Fick adds that it’s imperative to recognize that nobody else is going to do this work. “We have to lay the groundwork and drive it. When you’re organized in the labor sense, not just active but proactive, and everyone understands what you’re fighting for, that creates power at the negotiating table.”
Concludes MacDonald, “I believe in being fully invested. There are no shortcuts and no magic bullets. It’s not about having tea with the right board member. It’s about taking care of business.”
Veteran Fort Wayne Philharmonic bassoonist Dennis Fick of Local 58 has served on orchestra committees for decades. He believes several ingredients are crucial to the effective makeup of an orchestra committee. These ingredients contribute to efficient communication with and involvement of orchestra members, positive relationships with the community, and ultimately, successful contract negotiations with management.
Organize. “Tackle this well in advance of negotiations,” advises Fick. “Aside from the OC [orchestra committee], musicians need to take active roles on other committees with tasks that support your goals.” The FWP musicians’ Outreach Committee, for example, published an e-newsletter reaching their patron list and supporters with information telling their side of the story, while their Self-Help Committee was crucial in helping musicians understand the need to prepare their finances for a possible work stoppage.
Communicate. “Make sure everyone in the bargaining unit understands your message and can communicate it succinctly. Also, be in touch with your community. Cultivate the public, make friends with them, and get them on your side.” Fick says that the Fort Wayne musicians had already been “picketing” for years before the strike with friendly messages and leafletting. “We welcomed audience members to our concerts, gave them news about what was happening, and invited them to the musicians’ website and Facebook page for more info. Making our case was admittedly easier because the FWP management behaved so badly.”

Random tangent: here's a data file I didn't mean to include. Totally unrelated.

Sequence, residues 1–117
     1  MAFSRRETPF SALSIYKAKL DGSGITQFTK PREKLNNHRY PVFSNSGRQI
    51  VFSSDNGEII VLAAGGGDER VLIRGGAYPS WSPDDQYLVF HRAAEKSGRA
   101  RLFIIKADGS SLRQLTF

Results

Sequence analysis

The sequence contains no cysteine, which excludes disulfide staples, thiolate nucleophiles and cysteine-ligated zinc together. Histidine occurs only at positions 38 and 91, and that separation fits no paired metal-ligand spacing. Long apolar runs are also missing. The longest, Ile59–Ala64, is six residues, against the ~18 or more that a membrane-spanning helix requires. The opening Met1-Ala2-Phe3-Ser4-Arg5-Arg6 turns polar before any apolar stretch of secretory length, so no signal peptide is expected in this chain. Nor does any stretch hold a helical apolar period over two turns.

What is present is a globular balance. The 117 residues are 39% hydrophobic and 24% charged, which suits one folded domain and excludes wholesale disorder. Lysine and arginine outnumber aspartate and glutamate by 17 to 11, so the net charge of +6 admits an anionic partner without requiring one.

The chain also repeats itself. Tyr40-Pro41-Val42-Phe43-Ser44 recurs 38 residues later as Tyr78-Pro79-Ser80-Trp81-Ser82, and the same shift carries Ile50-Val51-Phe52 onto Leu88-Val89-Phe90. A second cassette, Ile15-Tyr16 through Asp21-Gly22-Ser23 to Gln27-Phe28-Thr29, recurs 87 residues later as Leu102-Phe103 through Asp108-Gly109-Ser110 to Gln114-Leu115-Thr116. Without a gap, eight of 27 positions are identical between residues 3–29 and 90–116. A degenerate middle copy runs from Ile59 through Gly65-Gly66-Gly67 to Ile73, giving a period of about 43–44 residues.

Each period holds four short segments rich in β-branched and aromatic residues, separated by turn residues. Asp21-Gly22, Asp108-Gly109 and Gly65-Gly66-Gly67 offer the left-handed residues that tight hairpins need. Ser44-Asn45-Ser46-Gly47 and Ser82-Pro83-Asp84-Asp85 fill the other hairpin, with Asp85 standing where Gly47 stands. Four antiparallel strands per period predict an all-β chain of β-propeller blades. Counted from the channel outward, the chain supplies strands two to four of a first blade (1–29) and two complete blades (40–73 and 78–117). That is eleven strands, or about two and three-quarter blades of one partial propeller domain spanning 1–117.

Unionize. By this, Fick means take advantage of all that the AFM offers. “The AFM’s Symphonic Services Resource Center has extremely helpful info, along with personnel standing ready to assist with messaging platforms.” Possibly most important of all, says Fick: join the AFM Strike Fund. “Join as early as possible and at the highest level you can afford. This was an important factor in helping us to stay on strike as long as we needed to get a fair deal.” A good working relationship with your AFM local is also crucial. “Local 58 has supported us in every way, including providing meeting space, and nurturing relations with other unions in the area through the Hoosier Heartland Area Labor Federation, our Central Labor Council. Many members of other unions joined us on our picket lines.”
Prepare. “In addition to the Strike Fund and individual financial preparation, it’s vital to build the musicians’ internal war chest well in advance of any action. This gives you immediate power to underwrite your own expenses for leaflets, signage, and concert production. It also provides funds to assist musicians most at risk with vital needs like rent, utilities, and health care. We started our fund around 2001 and have been building it ever since.”